Explanations below are /spoileriffic, if you ever intend to run/play that adventure.  Unfortunately AFAIK this board software doesn't have spoilertext functions. 

QlGYuof.jpg

01: Black Fang duck party member; in desperation has summoned from his Mud Ring a 6cbm earth elemental (the horse figure @01A) and this round a 4cbm water elemental (garados at 01B)...he can't actually control them.

02 the main tank of the party, orlanthi wl & his cat; he's on the ropes, his cat's out of mp.  The red armless figure is Ras Nsi, in RQ setting an Apostate Zorak Zorani RL troll who'd been converted into a half-serpent undead monstrosity.  Head of Yuan Ti temple, several hundred years old, pretty powerful, BBEG.

03 as mentioned the horse is the 6bm angry earth elemental; the tipped-over sheep is a party member that is a shape-changing druidy Shaman in grizzly form*, prone; grey thing is Sekelok, 4 armed massive bodyguard of Ras Nsi BBEG2, immobilized up to his knees in the floor by the elemental, he would like to attack the elemental to free himself but with only 9 INT he keeps getting stunned by...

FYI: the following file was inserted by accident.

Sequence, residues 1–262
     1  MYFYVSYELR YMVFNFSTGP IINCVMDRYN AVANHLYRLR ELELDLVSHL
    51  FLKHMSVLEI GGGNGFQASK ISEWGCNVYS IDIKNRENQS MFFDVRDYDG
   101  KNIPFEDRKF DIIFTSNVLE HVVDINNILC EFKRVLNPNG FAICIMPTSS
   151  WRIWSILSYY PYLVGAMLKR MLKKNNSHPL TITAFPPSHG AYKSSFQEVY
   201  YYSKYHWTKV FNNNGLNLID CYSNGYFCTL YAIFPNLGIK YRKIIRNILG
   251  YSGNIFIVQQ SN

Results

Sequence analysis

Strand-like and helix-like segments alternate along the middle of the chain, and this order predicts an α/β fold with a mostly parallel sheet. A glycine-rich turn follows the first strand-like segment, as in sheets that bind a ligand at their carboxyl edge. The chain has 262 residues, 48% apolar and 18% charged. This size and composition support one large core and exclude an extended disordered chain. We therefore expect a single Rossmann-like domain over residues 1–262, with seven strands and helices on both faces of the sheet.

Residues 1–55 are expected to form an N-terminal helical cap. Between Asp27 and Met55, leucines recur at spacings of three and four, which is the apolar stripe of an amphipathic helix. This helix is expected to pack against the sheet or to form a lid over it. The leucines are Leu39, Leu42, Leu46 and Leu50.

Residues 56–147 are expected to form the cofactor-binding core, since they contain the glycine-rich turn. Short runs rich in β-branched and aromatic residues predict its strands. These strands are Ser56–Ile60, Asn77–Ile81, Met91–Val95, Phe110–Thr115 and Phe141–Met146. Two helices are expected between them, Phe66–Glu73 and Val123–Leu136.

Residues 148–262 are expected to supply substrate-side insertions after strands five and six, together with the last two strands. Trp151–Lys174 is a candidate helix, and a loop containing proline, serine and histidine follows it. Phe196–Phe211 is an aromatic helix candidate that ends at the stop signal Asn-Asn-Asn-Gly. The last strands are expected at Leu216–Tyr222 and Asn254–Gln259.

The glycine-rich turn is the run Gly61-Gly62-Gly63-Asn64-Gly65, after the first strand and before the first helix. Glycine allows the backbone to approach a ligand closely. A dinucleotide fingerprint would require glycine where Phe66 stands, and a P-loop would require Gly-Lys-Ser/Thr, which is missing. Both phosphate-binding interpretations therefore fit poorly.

04 ...the silvery figure is the party's powerful sorcerer, currently hovering about 5m up,  can't really cast anything because his actions are used attacking with a (gained) psychic ability that allows a ranged int v int chance to stun target for some SRs.  So far, they've been enough to keep Sekelok cc'd.  The pearl is his familiar "glowy ball", an awakened floating stone ball 1m in diameter with a chain dangling from the bottom, it's floating about 2m above him.  Some of you will know where he found that.  Between the two of them, I think they've burned something like 50mp in this fight already so they're getting low.  The prone figure is the party's Zorak Zorani RL* whose 1 POW (from a regrettable previous DI) left him vulnerable to being commanded to attack the party by Ras Nsi (has the innate ability to command fixed-int undead, has a chance to control intelligent undead); fortunately, his only having 1mp also made him easily knocked out by being drained of that 1mp by another party-member's magic item effect touch attack.  (The other figure well back is a noncombatant scholar they have dragged along with them after saving his life.)